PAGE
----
Tuesday, March 3, 2015


An article in the current issue of ACM's Communications really struck me -- In Defense of Soundiness: A Manifesto. For one thing, I had to retreat nine years to reconsider something. I put this comment on the article.
    The use of the "soundiness" resonated with me for several reasons. First of all, Colbert's use of "truthiness" came to mind. He, of course, was talking opinion ruling over fact.

    But, this current usage bears directly on the issue of truthfulness in many ways but on these two, in particular: 1) if a computational system is not sound, when do we know if it is reliable (ignore, please, for the moment, the multitude of issues being raised - but be cognizant that many system developers think that they have no problem in this regard due to the numerical nature of their domain processing) operationally; 2) how do we increase awareness of lurking problems in a climate where hot-dogging via code (encouraged by the companies involved) throws out systems continually, and seemingly on the fly, and how do we try to alter the willy-nilly patterns that seem so prevalent the past decade or so?

    In short, everywhere "älmost" true is our norm? Just as "soundiness" is something to engineer, so too is "truth" itself. Hence, my focus: truth engineering.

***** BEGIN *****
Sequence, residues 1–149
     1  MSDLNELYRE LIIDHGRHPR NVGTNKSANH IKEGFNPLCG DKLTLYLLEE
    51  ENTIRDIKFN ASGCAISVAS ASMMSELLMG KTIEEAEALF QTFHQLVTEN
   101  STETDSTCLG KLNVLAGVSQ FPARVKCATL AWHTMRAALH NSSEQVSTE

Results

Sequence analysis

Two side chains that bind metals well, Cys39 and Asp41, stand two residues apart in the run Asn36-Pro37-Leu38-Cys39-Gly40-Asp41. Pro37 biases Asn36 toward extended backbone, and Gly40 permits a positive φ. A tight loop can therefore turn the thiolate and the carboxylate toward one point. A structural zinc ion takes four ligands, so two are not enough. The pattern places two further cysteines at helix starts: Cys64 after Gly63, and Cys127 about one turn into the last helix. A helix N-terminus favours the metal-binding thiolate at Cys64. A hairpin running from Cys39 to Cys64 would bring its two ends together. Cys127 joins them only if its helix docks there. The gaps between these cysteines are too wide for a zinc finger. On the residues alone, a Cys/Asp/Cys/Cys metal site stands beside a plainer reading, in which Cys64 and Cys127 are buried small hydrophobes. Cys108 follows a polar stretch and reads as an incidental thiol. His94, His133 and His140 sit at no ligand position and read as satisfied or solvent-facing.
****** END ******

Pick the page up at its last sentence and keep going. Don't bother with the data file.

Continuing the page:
"Truthiness" came from Stephen Colbert. I wrote that truth engineering was not such (see image) as it was not a lot of other things. But, as we know, such a list would be unending.

You know what? Trying to enumerate definitions would be as lengthy. So, is that an issue beyond resolution?

Ah, such is the nature of the issues involved here that we will have to say that the answer will depend upon a lot of things, including one's worldview.

Sheesh, is it that hopeless? Well, categorically? No. We will, in time, explain why.

In the meantime, we will write a review of this article on soundness on Wikipedia and link it to the one about Colbert's little joke.

In the meantime, here is the Wikipedia page on Soundness.

Remarks:   Modified: 03/20/2015

03/20/2015 -- "Can you trust your fridge?" is the head-line in the print version.

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